As many of you would have picked up on by now, I do enjoy sport. 

All sorts. 

I love the narrative, the spectacle, the event, the preparation, the games, the highs, the lows, the purity of competition and the camaraderie. So much so, that the sports I most favour, most enjoy, I also like to have clothing that identifies my interest / connection to those sports. 

Whilst many people have their clothing reflect the cycle of nature and its seasons, my wardrobe better reflects what sport competition is in season around the world. MotoGP, WRC, NRL, AFL, WTA, ATP and the NFL are my tier one sports that I have numerous t-shirts, polos, race shirts, jackets, caps and hoodies that I wear. 

Now to be clear, I only wear them whilst the ‘season’ is in action.

Sadly, I am no longer wearing any Essendon clothing this year as the pitiful Bombers had an early exit from the competition as we once more underperformed… Arghhhh! But, I do sit here, writing this week’s newsletter before the sun is up, and I am wearing my Melbourne Storm hoodie as I await this week’s first final against the Brisbane Broncos.

It is funny being a Storm supporter in NSW, where my team is not well regarded by other supporters… lucky I don’t care! What I do care about though is that when I see another Storm supporter in their colours, we instantly connect via our tribal support for our team and a nod, a hello and brief chat is often the outcome as we congregate in enemy territory.

But it does not always work that way.

There is a disturbing trend emerging in society where people are wearing sporting themed clothing because it looks good NOT because they support the team in question. 


Case in point, sadly, in the last few years, as merchandise rights are changing and more NFL clothing is appearing in Australia, I am seeing more and more Miami Dolphins t-shirts and jerseys: a team I have supported since the early 80’s. What is shocking me though, is that over 95% (unverified statistical exaggeration to make a point) of those I ask how come they are a Dolphins fans, are in fact NOT Dolphins fans: they just bought the shirt for the colours! 

This happened again just this week when I saw a family out and about and the mum had a Dan Marino #13 t-shirt on.

Marino is Miami’s most famous quarterback and a league legend. So, I was horrified when I made a passing comment of, “nice to see another Marino fan” (I have his signed helmet at home in my memorabilia collection), to then hear the words, “Who? Oh, the name on the back of my t-shirt, I was wondering who that was”. To which her husband laughed and said “Told you this would happen one day”.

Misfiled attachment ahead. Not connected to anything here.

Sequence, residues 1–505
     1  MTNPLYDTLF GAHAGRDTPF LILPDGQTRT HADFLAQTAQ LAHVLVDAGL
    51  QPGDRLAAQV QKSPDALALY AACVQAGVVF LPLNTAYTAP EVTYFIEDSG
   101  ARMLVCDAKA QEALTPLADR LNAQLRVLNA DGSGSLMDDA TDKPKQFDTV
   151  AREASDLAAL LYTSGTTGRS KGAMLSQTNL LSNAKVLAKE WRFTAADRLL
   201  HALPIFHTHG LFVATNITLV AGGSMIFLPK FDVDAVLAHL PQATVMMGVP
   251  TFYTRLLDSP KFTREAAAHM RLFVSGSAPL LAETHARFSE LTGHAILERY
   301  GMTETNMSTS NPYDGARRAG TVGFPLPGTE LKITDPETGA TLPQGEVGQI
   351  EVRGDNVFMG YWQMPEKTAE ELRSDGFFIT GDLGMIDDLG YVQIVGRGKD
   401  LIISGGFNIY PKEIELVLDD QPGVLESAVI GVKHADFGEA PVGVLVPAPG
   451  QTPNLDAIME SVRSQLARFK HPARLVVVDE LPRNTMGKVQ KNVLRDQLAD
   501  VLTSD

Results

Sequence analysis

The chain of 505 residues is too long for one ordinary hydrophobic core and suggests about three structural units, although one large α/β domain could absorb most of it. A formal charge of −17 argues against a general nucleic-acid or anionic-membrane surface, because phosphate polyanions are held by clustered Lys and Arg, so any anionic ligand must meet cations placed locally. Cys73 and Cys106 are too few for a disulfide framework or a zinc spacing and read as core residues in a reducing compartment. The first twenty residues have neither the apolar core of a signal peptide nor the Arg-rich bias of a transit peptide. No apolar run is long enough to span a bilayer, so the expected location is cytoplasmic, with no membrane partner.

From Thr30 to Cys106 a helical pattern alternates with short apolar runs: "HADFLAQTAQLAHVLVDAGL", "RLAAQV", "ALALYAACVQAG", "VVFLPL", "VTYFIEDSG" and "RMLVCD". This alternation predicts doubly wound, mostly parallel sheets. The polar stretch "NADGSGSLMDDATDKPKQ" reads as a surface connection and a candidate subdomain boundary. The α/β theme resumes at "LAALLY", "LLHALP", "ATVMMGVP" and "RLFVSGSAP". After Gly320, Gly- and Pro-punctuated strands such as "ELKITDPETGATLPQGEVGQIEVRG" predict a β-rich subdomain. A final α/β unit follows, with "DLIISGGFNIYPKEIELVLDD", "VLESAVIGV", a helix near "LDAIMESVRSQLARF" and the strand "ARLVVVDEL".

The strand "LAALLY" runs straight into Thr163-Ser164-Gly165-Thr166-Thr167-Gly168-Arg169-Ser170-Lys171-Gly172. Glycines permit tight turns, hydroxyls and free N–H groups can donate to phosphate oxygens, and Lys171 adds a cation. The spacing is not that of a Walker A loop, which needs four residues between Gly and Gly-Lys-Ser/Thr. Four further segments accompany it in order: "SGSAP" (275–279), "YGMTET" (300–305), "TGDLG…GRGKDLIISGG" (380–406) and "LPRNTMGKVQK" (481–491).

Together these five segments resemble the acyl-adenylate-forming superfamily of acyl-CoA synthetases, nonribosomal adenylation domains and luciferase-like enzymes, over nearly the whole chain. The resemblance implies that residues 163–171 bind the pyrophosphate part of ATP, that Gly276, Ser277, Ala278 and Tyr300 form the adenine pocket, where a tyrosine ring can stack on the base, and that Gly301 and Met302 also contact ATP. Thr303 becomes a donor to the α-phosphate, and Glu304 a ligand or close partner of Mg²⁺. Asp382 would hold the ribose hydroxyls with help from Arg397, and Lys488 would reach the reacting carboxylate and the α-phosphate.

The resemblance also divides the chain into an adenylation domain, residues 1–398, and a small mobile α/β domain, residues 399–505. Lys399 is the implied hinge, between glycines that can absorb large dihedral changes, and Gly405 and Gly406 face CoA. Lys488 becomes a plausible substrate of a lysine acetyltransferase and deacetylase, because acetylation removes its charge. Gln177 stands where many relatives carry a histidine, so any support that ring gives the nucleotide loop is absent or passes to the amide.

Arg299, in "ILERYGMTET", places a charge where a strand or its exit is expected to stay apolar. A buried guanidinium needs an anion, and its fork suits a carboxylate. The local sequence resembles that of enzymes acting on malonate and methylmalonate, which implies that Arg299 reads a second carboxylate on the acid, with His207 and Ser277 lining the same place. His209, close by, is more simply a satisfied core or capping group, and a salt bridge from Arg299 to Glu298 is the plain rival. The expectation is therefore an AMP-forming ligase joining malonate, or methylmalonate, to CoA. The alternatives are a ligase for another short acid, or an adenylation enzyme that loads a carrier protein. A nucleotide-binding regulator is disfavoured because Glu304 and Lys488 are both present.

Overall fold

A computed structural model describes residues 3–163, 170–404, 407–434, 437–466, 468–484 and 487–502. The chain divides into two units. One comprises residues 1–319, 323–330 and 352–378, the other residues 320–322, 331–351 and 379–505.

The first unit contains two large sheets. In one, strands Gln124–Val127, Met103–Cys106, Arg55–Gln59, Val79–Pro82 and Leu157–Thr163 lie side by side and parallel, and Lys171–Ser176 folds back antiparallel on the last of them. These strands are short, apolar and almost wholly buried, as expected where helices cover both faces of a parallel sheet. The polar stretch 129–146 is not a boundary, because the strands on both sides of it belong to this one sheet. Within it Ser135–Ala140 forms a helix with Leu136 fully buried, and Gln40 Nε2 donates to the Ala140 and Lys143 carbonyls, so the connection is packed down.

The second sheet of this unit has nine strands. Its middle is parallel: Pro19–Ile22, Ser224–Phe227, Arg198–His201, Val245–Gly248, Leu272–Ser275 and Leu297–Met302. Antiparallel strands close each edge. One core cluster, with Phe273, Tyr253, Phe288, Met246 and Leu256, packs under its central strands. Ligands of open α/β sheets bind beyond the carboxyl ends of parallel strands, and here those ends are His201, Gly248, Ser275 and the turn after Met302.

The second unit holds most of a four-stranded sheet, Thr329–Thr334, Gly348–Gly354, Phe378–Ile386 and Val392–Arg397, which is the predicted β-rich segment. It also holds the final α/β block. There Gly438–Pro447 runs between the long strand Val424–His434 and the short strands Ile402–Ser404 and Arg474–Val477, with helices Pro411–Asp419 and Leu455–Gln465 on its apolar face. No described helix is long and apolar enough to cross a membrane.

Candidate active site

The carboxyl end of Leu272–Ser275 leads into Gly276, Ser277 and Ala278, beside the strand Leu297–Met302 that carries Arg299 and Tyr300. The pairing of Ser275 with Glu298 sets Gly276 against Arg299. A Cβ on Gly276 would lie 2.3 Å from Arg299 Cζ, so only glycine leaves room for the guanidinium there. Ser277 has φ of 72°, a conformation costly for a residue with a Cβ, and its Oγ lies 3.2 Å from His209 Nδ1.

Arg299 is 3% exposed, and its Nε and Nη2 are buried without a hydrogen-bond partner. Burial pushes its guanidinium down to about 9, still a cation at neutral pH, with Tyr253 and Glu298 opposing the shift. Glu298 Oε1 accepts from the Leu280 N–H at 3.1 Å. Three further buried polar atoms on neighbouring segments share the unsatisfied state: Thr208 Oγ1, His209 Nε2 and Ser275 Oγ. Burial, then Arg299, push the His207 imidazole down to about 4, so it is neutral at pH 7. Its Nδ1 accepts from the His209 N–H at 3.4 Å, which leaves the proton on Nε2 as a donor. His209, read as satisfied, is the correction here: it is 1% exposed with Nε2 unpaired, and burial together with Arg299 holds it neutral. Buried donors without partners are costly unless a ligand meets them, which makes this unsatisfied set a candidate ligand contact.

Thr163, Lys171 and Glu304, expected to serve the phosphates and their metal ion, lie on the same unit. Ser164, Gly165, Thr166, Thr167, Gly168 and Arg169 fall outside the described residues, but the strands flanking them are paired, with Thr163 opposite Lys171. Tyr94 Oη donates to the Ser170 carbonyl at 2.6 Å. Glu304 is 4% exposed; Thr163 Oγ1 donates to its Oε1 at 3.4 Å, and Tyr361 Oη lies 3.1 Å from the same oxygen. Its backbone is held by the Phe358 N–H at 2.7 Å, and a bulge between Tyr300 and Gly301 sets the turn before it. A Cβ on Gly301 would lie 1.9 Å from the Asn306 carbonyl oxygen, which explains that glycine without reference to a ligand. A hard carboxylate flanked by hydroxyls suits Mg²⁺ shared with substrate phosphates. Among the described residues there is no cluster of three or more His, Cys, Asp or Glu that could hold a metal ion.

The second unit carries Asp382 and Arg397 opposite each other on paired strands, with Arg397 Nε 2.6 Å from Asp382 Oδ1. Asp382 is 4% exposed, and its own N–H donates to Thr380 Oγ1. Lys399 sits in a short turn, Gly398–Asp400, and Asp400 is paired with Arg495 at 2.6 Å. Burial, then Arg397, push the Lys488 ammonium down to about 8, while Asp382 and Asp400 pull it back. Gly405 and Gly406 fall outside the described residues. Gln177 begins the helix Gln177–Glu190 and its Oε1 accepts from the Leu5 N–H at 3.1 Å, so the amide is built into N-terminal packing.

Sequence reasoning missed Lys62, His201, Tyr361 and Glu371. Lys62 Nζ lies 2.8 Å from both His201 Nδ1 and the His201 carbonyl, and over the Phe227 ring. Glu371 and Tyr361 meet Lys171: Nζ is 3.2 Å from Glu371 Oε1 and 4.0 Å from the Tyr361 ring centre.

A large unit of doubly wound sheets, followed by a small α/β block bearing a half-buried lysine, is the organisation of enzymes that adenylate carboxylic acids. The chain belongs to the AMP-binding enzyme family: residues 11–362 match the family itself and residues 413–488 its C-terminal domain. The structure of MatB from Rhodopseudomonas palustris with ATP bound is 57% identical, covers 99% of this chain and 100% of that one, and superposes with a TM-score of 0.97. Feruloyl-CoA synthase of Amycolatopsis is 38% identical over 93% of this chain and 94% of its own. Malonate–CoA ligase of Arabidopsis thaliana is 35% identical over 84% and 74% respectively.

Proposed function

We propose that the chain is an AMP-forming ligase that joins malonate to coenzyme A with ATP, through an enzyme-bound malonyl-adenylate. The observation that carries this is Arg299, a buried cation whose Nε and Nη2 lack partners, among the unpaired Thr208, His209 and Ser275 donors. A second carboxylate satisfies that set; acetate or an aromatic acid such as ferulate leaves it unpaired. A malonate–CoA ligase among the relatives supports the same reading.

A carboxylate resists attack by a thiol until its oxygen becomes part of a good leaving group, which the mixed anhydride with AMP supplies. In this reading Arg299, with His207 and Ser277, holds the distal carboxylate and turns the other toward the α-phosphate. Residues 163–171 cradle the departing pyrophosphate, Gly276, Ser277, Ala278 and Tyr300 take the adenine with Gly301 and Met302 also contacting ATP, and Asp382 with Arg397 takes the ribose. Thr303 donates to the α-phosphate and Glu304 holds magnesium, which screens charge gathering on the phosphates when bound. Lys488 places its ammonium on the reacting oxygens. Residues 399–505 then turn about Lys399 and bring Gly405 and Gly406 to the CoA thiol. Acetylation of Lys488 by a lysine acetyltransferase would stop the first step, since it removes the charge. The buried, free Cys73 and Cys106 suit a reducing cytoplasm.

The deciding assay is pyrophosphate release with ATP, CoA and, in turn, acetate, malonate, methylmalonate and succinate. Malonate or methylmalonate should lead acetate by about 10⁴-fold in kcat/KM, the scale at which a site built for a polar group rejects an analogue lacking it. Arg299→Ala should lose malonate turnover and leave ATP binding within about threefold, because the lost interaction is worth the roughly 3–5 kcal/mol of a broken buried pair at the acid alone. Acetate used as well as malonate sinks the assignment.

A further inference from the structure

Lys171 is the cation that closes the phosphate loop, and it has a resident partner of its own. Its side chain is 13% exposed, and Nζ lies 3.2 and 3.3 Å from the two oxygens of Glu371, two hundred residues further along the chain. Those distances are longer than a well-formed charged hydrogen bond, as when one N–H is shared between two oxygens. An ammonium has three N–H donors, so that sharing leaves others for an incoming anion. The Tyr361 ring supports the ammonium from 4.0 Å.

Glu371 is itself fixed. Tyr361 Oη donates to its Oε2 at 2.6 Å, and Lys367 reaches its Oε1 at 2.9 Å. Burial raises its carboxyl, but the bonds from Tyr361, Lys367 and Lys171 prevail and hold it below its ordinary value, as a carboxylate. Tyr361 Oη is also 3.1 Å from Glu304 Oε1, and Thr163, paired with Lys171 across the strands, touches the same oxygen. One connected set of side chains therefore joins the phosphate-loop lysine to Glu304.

We all then shared in the joke about sporting ignorance and window dressing: and I walked away with a thought growing in my mind…

Its not funny though when we consider this as individuals and our life.

Its not funny when we claim to be one thing and then act in contradiction. Its not funny when our words and our actions do not match. Its not funny when we selectively chose when to be a person who acts with integrity and then at other times is willing to take short cuts. Its not funny when we claim to value others, their opinions and views but then disregard, diminish and discount at will.

Not funny at all.

It’s not funny to speak as if we live with character, and then act out as if we are nothing more than a caricature.   

It’s not funny to live as window dressing: to just do it for the colours. 

The Bible even has something to say about this in James 1:22 where we read “But be doers of the word, and not hearers only, deceiving yourselves.” Authenticity is the key: words plus actions equals who we are. Because at the end of the day, at the end of our days, talk is so cheap.

We are all leaders; we lead self, we lead teams, we lead classes, groups and organisations. Our careers, our work, our calling cannot afford to be viewed as window dressing by those we meet, those we support and those lead. 

So, check yourself in the mirror today. Check and see if the character you are wearing is fit for purpose, that you have the right character on, and not just one chosen for the pretty colours.

No room for window dressing.


Now, let me go find a mirror.


This word of encouragement for Christian educators was written by Dean Bennetts, and distributed in The Bridge newsletter in 2023. Dean is the CEO of Adventist Education in North New South Wales, Australia.